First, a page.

Empire XI: The New York Red Bulls’ Open Cup Dilemma

IMAGE, MATT KREMKAU, EMPIRE OF SOCCER

Christian Araos
Staff Writer

The New York Red Bulls should not be prioritizing the U.S. Open Cup this year — but they have to.

Well kinda.

While they should not prioritize the Open Cup, they should not ignore it either. That internal confusion is the dialogue that sustains the Open Cup to the annoyance of many backroom staffs in MLS.

The Open Cup lives on because of two things; romance and the Champions League berth. It is very easy to write off romance as a selling point because of how intangible it is, but whenever an MLS club publicly states its disinterest in the tournament, its fans complain. The fans do have a right to complain if their team writes off a competitive game since they are the ones paying to see their team write off said competitive game.

In this case, Red Bull fans should be angered if Head Coach Mike Petke were to announce that he would be filling a team full of reserves should they play the New York Cosmos.

However, just because there is justification for you to feel something does not mean that you are correct in that feeling.

The Red Bulls are not a particularly deep squad nor are they blessed with youth. While that may be true, they are also a good squad as evidenced by their standing in the Eastern Conference and the fact they won the Supporters Shield last year — earning them a Champions League berth.

As a result of their success, they have a lot more matches to play than the Cosmos, the Brooklyn Italians or most teams in MLS for that matter. Objectively speaking, these matches matter a lot more than an early round Open Cup tie. More notably, this is an early round Open Cup tie that takes place during the World Cup break for MLS, which for the Red Bulls means it cuts into the vacation time for whichever players are included for the encounter. It also does not help that the Red Bulls are already likely to be without four starters for the tie as Tim Cahill and Roy Miller play for their respective countries while Thierry Henry works for the BBC at the World Cup in Brazil. As for the fourth, there is no logical way Jamison Olave chooses this game as the one where he begins to play on turf should New York face the Cosmos.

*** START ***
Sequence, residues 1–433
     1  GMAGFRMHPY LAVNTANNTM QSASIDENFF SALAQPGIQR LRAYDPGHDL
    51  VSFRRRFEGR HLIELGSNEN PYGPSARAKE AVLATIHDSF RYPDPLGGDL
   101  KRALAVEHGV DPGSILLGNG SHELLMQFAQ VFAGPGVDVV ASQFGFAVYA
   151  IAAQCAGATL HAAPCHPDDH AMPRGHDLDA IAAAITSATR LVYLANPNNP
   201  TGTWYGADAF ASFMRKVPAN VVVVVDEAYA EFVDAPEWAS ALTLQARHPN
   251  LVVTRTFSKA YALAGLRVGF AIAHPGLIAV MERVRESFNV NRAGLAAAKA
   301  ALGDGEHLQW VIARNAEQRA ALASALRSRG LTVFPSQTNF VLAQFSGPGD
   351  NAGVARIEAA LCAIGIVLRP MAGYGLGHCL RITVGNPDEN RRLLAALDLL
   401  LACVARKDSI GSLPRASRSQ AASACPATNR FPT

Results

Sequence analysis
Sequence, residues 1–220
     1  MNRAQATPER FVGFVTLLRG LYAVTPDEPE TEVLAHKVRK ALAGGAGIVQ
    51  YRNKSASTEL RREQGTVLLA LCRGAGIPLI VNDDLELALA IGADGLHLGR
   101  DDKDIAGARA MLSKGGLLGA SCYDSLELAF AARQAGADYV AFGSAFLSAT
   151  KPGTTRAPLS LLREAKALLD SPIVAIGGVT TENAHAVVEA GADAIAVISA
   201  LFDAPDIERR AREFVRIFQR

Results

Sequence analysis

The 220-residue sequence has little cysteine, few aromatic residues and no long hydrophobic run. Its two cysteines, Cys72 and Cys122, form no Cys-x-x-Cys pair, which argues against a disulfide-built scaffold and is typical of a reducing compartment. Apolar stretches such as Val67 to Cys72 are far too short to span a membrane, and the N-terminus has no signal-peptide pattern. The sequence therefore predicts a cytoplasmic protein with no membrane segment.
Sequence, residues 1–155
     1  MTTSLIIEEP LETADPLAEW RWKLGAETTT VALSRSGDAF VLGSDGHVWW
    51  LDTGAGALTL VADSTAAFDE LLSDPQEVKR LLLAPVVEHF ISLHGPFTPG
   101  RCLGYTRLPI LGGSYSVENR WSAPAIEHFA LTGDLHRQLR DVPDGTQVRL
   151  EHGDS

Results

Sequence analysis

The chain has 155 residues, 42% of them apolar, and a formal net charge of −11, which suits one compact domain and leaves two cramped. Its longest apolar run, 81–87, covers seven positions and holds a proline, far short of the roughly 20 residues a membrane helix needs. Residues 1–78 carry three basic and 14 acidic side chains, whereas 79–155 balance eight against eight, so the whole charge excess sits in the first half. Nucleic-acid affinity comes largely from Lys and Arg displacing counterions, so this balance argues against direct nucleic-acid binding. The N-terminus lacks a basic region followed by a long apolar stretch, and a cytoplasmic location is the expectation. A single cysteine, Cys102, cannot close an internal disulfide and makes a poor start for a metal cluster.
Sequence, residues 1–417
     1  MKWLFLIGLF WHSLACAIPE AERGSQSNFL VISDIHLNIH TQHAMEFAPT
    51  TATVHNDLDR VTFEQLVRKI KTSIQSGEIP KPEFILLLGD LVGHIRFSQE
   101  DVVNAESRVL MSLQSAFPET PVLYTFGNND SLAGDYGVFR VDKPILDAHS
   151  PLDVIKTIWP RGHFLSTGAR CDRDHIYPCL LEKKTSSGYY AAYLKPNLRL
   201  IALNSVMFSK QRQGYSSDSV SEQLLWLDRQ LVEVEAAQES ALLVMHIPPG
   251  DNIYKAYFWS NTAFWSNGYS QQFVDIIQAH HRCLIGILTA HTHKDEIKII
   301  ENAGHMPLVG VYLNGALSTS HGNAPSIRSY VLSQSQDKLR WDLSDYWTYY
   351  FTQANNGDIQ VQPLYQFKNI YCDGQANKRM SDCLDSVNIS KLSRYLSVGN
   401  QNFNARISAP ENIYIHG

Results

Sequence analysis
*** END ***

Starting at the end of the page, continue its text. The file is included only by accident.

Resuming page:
Those circumstances dampen the match since we are not seeing both teams’ best XI. Obviously, this gives the Cosmos a better chance at winning, but both fanbases should know that the best way to brag about a result is if you know the opponent does not have an out clause.

Sorry Cosmos fans but this is a one-way street. The nine-game NASL Spring Season will be over by the time we reach the fixture. The Red Bulls have already played 12 games; they have the right to rest players for the entire World Cup break.

However, spare a thought for anyone at the Red Bulls who would have to hear from angry fans if and when Petke takes up that position. Try to understand how difficult of a position Petke will be in as the tie gets closer. The banter between the two fanbases will only increase. We, the press, are going to hype the match up because it is the first time the Cosmos and Red Bulls will play each other. The Cosmos will feed into the hype and some at the Red Bulls will do so as well.

However, Petke’s status as a head coach does not ride upon his performance at the U.S. Open Cup. In fact, the status of the franchise would not be swayed by a win or loss during the fourth round of play.

That is the difference between the two clubs.

Let’s put this into some recent context. The Red Bulls are the US Men’s National Team. The Cosmos are Panama. Only this time, the former has even less incentive than the USMNT players had. For the latter, all the rhetoric about “taking on the MLS” finally gets to play out on a field and not a hypothetical courtroom or a real life boardroom. A win reaffirms the team and the fanbase’s cause. A loss and it is back to the way things were.

A Red Bull loss does not change the fact that they have more important fixtures to look forward to after a short vacation for the players.

While a Red Bull loss would lead to a few days off for the players, it would lead to a prolonged period of annoyance for their fans; supporters annoyed at losing to the Cosmos and at the Red Bulls’ continued lack of interest in the Open Cup.